The French author, Emile Zola, intended to study temperaments and not characters. His main characters were assigned various humors according to Galen's Four Temperaments: Thérèse is melancholic, Laurent is sanguine, and Camille is phlegmatic. The characters are often given animalistic tendencies, every one of them almost entirely consumed by self-interest. Thérèse and Laurent are often rightly described as brutes.
I don't generally finish a book in which I don't actually like ANY of the characters. After all, why should I spend time with them if I don't like them? But Kate Winslet's excellent narration kept holding my attention until I began to understand and better appreciate the story. I'm glad I listened to it, and I can now see its significance and influence on other later works of literature. Stick with it to the end and you'll appreciate the overall story and the style of writing as well. It must have been amazing when they performed this on stage in an opera, which lends itself so well to the drama. An interesting story on many levels.
I didn't think this Jack Reacher Series Book 2 was nearly as good as Book 1. I would recommend skipping this one in the series and come back to it later, if you must.
There are plenty of reviews. So I'll only add that Dick Hill is an amazing narrator. He does the Harvard accent as well as the Southern accent. In addtion, he is being technically added by a sound person. When a voice is meant to be over the telephone, the technician, or whoever, has given it that tinny quality. When a voice is meant to be shouted from a distance, it has that slight Doppler quality as well. Best narration I've ever heard from a single narrator.
The story itself was a little corny and predictable, but I liked the plain style and fast moving pace of it. The style kind of reminds me of Elmore Leonard a little, although I like Leonard's dialogue better. Still, I'd characterize both as fast, fun, entertaining reading. Something to unwind with after a hard day at work when you don't really want to think anymore.
I must have seen the movie two or three decades ago. It seemed a testosterone driven story. So I wasn't sure. A good novel transends genre, though. I enjoyed the story very much. I was pleased that the story continues after they get off the river finally and gives you an idea of how this horrific experience has affected their lives thereafter. Very well written. Interesting and compelling enough that I stayed with it and finished in one day. I actually liked the slower portions of the book as it gave you insight into the central character. I thought the pacing of the story varied nicely.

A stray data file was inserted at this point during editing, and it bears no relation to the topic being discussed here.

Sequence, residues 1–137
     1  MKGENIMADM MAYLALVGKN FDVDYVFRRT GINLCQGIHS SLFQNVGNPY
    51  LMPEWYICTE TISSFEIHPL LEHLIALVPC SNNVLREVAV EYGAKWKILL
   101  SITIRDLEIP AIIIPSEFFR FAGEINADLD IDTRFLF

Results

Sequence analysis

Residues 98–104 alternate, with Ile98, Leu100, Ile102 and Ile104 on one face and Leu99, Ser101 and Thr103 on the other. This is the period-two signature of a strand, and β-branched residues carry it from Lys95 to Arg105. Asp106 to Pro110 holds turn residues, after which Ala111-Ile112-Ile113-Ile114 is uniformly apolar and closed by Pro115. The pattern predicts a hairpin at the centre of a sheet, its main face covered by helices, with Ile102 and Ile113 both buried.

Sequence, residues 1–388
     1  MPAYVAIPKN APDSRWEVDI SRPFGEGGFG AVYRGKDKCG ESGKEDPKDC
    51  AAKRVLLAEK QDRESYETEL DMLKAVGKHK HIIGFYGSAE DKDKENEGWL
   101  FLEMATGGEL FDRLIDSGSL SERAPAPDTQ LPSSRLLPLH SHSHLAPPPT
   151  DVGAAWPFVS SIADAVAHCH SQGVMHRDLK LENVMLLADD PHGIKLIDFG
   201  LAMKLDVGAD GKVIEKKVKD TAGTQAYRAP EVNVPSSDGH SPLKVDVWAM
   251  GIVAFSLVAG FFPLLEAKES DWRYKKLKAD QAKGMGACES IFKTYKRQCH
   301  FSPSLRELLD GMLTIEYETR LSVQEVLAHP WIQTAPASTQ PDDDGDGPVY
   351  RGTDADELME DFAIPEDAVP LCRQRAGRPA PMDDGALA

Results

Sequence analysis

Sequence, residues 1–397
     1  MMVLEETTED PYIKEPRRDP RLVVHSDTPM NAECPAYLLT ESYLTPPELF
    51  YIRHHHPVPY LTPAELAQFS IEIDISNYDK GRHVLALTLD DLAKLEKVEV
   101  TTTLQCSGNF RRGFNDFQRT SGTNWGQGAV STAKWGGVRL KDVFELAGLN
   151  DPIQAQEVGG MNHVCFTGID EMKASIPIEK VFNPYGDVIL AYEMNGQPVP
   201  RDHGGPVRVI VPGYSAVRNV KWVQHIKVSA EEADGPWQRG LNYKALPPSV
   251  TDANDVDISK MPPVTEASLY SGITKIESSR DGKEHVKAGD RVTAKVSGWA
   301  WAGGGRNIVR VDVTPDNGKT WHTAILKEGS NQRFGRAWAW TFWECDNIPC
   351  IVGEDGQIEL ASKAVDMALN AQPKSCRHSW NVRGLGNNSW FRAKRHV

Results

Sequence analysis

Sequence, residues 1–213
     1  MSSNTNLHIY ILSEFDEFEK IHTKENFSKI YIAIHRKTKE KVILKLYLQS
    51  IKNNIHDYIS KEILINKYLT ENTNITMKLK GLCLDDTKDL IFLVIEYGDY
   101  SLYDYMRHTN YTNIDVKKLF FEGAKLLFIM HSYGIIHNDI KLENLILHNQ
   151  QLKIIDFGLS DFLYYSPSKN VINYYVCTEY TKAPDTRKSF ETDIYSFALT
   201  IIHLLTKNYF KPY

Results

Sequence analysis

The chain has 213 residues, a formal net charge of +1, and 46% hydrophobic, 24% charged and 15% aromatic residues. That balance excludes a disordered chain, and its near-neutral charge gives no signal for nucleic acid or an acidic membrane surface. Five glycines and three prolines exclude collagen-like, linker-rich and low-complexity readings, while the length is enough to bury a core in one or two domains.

First, the narrator was excellent. We all know and love Timothy Olyphant's voice, but Mr. James did a great job with all the characters and soon disappeared into the story perfectly.
"Raylan" has three storylines intertwined. In the first, I can see the essence of Episode 5 from "Justified" Season 3, "Thick as Mud" involving stolen kidneys. In the second, I see the essense of Episode 8 from Season 2, "The Spoil" involving the mining company woman requesting Marshal Givens to protect her, later trying to seduce him, of course. Although, in both cases some characters and events are changed and narrowed in focus to fit the episode restrictions. The third storyline is completely new, but I'm sincerely hoping we see the bones of that storyline later in an episode or even separated into two episodes of Season 3 as I'd love to see the scene with Delroy Lewis in drag. Very funny and tense at the same time.
I had no trouble following all the characters, especially since we know a lot of them from "Justified" and Harlan County, although a few have been changed in gender, etc. Definitely my favorite book of Leonard's Raylan Givens character. Leonard has such a nice sharp rhythm with his dialogue. Loved it. Loved the Tennessee Ernie Ford reference. Favorite quote -- Art Mullen said,"You don't think of your manners and let the woman go first, not when she's pointing a gun at you." That's so Raylan!
Highly recommended as just a fun read, light entertainment... with some gunfire thrown in.